A the risk of sounding like I'm on a bandwagon, I'm thinking 2020 is the year or women! Strong, valiant women! Today's Daily Doodle has a brilliant woman as a driving force behind domestic blueberries. But, let's go back to why I chose today's Doodle. Well, to be honest, I had a bunch of blueberries that were on the verge of turning. (I had bought a large pack telling myself this will be the year I can eat blueberries without gaging... I know, I'm weird, but I just struggle eating raw blueberries) Enter blueberry muffins!
So, while I'm mixing in the blueberries, I thought to myself, I wonder when these became a crop instead of just wild blueberries dotting the countryside. Enter Google and my quick and efficient search for a domesticated blueberry! (thank goodness)
Now to our brilliant woman behind the domestic blueberry: In 1893 Elizabeth White, daughter of a New Jersey cranberry grower, saw potential in domesticating blueberries and adding them to the family's crops. At this point others were telling her it was impossible to domesticate blueberries.
1908 Frederick Coville, a USDA botanist, started seeking superior wild blueberries to attempt to cultivate a domestic blueberry with ideal characteristics. It took two years to discover blueberries could only thrive in acidic soil. The following year, in 1911, Elizabeth White read Dr. Coville's "Experiments in Blueberries" and invited him to the family farm to use their land and partner with each other in the blueberry cultivation experiments.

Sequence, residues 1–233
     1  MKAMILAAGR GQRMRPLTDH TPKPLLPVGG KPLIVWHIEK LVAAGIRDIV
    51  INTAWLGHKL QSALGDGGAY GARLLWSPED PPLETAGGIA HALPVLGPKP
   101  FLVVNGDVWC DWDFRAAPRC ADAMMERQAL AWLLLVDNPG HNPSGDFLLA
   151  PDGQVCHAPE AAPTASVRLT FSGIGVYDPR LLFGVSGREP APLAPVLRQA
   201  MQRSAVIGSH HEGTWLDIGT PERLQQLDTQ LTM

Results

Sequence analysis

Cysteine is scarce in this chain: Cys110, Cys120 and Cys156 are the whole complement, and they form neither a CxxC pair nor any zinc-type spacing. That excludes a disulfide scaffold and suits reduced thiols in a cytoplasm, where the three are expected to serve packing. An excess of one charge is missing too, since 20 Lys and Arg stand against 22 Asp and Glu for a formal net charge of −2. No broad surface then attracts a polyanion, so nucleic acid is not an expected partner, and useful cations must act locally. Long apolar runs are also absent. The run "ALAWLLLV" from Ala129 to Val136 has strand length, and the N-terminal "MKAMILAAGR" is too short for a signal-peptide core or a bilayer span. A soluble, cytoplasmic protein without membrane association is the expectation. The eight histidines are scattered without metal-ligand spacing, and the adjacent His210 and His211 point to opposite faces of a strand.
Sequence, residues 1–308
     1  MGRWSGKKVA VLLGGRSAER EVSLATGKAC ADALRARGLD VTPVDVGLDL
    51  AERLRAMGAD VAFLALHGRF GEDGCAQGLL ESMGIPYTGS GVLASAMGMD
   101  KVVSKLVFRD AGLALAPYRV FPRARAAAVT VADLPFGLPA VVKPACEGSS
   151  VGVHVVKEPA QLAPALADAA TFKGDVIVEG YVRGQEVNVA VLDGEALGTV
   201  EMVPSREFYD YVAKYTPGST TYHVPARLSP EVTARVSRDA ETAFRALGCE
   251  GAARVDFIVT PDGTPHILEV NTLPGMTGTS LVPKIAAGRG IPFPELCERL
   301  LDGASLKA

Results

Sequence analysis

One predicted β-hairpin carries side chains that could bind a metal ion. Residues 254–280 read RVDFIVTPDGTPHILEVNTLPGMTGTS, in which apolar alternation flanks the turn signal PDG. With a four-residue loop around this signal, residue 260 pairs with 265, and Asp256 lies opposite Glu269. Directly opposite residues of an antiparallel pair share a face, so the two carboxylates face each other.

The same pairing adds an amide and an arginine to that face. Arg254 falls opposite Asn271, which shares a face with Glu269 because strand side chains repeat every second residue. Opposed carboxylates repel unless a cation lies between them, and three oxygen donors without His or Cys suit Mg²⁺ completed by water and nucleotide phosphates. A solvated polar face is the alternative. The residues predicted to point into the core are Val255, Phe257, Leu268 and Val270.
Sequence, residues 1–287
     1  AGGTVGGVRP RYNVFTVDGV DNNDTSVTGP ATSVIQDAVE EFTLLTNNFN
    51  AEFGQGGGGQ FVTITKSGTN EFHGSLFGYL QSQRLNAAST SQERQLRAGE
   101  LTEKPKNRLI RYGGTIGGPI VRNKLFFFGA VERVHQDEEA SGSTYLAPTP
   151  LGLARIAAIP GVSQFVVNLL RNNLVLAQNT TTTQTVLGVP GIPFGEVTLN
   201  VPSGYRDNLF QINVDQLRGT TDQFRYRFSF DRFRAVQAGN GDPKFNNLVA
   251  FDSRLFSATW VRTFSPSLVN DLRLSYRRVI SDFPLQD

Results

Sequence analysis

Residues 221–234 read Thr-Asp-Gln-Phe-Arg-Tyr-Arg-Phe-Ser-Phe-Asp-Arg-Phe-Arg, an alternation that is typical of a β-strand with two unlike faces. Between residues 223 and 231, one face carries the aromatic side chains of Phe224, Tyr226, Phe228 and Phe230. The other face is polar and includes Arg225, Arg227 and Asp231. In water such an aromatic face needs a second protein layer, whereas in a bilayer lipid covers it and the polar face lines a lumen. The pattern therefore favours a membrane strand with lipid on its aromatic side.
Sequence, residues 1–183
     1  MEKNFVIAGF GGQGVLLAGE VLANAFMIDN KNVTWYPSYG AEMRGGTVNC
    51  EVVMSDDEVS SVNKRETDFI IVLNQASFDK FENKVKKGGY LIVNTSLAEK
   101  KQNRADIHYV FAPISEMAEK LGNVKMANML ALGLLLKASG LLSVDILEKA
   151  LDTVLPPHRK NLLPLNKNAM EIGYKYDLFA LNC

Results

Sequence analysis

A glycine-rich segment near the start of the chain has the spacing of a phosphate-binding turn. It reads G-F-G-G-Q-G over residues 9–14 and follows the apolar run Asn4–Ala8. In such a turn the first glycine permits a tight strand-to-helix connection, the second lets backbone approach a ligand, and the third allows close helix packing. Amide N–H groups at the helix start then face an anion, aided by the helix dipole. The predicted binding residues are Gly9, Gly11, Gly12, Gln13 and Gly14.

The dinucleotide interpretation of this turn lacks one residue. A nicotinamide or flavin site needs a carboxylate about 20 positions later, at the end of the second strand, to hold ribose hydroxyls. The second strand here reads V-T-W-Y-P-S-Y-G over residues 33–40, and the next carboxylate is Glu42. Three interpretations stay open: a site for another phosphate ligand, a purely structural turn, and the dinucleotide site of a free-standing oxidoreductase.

It only took one year (1912) for their first domesticated blueberry bush to crop up. In 1916 the duo harvested and sold their first commercial crop of highbush blueberries. It took only one more year (1917) for packaging for Whitesbog Blueberries to be created and "blueberry fever" swept the region.
Are you surprised? We've only had domestic blueberries for just over a century, thanks to a determined woman and a botanist who clearly saw her worth. Both pioneers of agriculture and the reason we have easy access to this superfood.